Podcasts of the Week Ending July 11


Last week I had no podcasts to share.  This week I have a bumper crop!

Afropop Worldwide :: Remembering Tony Allen

Pioneering Nigerian drummer Tony Allen died this spring, shortly after releasing his final album Rejoice, with Hugh Masekela. Afropop Worldwide revisits Allen’s storied career.

BackStory :: The End of the Road: BackStory and the History of Finales in America

My favorite history podcast BackStory comes to an end with an episode about finales in American history, from President George Washington to Mary Tyler Moore.

Hidden Brain :: The Night That Lasted A Lifetime: How Psychology Was Misused In Teen’s Murder Case

The story of a Black Boston teenager, Fred Clay, who spent 38 years in prison after being wrongfully convicted based on evidence the police extracted using hypnosis.

The Last Archive :: For the Birds

Rachel Carson, the extinction of bird species, and climate change.

99% Invisible :: Freedom House Ambulance Service

The modern practice of paramedics serving communities with an emergency medical service began in the Black community in Pittsburgh just over 50 years ago.

60-Second Science :: Animals Appreciate Recent Traffic Lull

One side benefit of the COVID-19 pandemic is the reduced use of automobiles.  Some cities (not Boston, of course) have even taken advantage of creating space for people to walk and bike by closing roads to cars.  But even in rural areas, animals are thriving because of fewer collisions with motor vehicles.

Smithsonian Sidedoor :: Take Me Who Out to the Ballgame?

If you’re American, you’ve inevitably sung along with the chorus “Take Me Out to the Ballgame,” baseball’s unofficial anthem.  But if you’ve never heard the chorus, you may not know that the song is about a woman who wants to watch baseball at a time when that was considered a men’s only activity.  The podcast explores the history of how the song went “viral” and features music by Chicago White Sox organist Nancy Faust.

Throughline :: The Long Hot Summer

Civil disturbances in Black communities in America in 1967 lead President Johnson to call the Kerner Commission. The commission’s report revealed evidence of police violence that was criticized and ignored at the time, but still reads as a diagnoses of our present-day crises.


Book Review: The Good Neighbor by Maxwell King


Author: Maxwell King
Title: The Good Neighbor: The Life and Work of Fred Rogers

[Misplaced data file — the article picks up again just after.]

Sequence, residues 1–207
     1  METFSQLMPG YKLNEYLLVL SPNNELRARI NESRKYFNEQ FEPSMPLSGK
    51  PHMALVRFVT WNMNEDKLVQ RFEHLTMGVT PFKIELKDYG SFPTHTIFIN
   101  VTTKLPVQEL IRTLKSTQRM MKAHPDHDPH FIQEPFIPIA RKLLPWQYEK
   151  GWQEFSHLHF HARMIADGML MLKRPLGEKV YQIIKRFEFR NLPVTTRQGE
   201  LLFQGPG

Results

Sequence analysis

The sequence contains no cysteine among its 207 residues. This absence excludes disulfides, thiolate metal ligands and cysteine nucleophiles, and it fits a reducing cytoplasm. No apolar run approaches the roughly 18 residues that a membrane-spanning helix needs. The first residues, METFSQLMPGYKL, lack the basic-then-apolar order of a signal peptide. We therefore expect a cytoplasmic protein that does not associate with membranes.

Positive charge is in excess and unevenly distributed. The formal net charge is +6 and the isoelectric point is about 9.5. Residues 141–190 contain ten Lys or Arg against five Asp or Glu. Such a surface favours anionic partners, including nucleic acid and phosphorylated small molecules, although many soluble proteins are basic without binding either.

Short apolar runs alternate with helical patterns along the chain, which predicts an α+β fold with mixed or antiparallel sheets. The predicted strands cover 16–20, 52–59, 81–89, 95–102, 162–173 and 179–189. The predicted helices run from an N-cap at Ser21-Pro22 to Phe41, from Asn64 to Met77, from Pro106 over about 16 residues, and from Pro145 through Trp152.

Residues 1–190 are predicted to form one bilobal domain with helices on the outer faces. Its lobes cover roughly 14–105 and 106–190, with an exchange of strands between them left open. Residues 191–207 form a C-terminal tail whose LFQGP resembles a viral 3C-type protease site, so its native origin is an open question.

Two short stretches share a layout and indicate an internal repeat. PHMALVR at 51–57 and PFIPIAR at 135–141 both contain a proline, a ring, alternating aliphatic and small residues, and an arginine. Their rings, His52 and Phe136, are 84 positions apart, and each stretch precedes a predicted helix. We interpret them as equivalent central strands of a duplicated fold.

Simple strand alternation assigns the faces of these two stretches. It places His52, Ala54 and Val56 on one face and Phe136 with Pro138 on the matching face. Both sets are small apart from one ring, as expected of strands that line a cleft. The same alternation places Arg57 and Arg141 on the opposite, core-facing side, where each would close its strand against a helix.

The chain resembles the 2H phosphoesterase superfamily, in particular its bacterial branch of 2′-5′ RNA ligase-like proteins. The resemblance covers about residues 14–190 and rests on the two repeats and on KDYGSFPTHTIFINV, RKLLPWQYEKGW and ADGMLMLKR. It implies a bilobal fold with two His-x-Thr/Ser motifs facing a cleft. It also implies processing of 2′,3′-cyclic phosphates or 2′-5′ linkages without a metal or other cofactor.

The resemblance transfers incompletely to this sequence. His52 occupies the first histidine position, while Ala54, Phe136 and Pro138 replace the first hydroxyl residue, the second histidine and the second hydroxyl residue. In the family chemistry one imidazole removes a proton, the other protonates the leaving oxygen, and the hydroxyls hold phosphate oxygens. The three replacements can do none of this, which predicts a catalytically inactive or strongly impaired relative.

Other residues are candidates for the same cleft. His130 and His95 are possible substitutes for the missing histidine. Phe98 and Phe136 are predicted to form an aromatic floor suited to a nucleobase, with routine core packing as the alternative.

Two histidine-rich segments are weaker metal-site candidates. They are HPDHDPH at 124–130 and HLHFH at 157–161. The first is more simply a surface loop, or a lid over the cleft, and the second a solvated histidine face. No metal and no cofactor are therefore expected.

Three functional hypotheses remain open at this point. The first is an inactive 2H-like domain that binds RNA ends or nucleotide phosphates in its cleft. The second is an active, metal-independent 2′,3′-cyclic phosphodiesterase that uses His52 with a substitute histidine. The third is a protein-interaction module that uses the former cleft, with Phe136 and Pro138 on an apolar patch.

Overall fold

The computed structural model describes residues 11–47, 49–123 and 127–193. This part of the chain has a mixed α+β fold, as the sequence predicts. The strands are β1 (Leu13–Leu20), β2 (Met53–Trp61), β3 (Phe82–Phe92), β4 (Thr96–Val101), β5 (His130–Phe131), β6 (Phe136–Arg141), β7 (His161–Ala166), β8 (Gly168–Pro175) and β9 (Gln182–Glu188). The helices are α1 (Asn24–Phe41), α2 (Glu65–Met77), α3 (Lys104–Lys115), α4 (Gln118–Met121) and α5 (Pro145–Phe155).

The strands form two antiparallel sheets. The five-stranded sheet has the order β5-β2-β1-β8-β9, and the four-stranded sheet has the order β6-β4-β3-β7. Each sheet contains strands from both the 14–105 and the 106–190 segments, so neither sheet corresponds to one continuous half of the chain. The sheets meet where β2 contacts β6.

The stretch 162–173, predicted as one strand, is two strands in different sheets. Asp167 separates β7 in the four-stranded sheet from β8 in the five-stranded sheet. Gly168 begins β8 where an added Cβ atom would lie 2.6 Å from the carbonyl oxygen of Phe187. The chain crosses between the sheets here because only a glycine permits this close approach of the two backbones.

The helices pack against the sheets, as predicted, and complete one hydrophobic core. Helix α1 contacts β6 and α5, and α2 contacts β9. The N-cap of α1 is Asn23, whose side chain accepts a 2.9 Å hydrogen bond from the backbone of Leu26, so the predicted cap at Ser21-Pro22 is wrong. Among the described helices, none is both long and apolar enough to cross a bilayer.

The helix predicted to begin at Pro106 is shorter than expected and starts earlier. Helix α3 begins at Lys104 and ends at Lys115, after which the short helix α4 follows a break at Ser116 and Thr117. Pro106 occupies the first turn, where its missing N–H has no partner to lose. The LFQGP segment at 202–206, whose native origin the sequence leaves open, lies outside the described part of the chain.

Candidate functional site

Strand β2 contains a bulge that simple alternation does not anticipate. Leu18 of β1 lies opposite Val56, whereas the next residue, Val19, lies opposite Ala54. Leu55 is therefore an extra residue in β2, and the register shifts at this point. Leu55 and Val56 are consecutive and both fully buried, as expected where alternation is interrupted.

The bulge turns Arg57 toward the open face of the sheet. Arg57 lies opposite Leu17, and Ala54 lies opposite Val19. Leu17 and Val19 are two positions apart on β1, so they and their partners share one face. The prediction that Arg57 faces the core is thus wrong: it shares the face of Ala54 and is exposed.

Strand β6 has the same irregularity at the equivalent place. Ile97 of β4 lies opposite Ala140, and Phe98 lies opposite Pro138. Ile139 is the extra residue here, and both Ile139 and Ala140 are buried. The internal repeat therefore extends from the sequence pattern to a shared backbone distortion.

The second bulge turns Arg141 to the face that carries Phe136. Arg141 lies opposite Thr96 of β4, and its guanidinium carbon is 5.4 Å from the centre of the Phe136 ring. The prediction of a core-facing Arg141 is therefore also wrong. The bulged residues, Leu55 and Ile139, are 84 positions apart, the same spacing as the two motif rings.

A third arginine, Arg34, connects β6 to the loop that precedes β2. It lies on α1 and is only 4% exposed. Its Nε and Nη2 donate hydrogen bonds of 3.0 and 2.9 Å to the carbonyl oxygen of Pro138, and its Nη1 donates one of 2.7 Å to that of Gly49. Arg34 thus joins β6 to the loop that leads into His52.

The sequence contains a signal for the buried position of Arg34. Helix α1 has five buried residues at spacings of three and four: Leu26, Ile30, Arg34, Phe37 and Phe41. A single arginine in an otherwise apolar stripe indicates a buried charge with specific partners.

Narrator: LeVar Burton
Publication Info: Oasis Audio (2018)
Summary/Review:

I know a bit about the life of Fred Rogers from watching the documentary Won’t You Be My Neighbor and reading articles about him.  But I couldn’t resist listening to the first book-length biography of Mr. Rogers narrated by another PBS hero, LeVar Burton.  King does a good job of getting a clear picture of Rogers’ background, starting from childhood.

His family was wealthy, which allowed Rogers the opportunities to try his new ideas, but his parents’ philanthropy and noblesse oblige also contributed to his humility and simple lifestyle.  Rogers was also affected by instances of childhood bullying and the sense that he could find support in the neighborhood of his hometown of Latrobe, PA.

As a young man, Rogers learned television production and studied for the ministry, with the unorthodox plan of putting both callings toward educating children.  The big question of this book is whether the Mister Rogers we see on tv represents the real person, with the unanimous response of “yes” from people who know him.  So this book won’t expose any “dark secrets” but it is a very good glimpse into how a wonderful man formed his philosophy for teaching children.

Recommended books:

Rating: ****

Book Review: An American Childhood by Annie Dillard


Author: Annie Dillard
TitleAn American Childhood
Narrator:  Tavia Gilbert
Publication Info: [Ashland, Or.] : Blackstone Audio, Inc., p2011.
Summary/Review:

I read Annie Dillard’s Pilgrim at Tinker Creek many years ago and so I’ve long meant to read another of her books.  An American Childhood is a memoir of growing up in Pittsburgh in the 1950s and 1960s.  The early chapters are vivid descriptions of her inner life as a child focusing on her imagination. A particular compelling passage describes her horror at a figure crossing her room at night which later realizes is only light from passing cars, but nevertheless she continues to imagine that something is really in her room.  From an early age, Dillard is fascinated by nature and she describes learning about it from books at the library and experience much of nature even in her urban environment.  As she gets older the narrative grows into more of a traditional memoir more focused on people in her life and her experiences at school and church.  Dillard’s prose is beautiful, but I didn’t find this book nearly as engaging as Pilgrim at Tinker Creek.

Recommended booksOne Writer’s Beginnings by Eudora Welty, Colored People: A Memoir by Henry Louis Gates Jr., and Memories of a Catholic Girlhood by Mary McCarthy
Rating: ***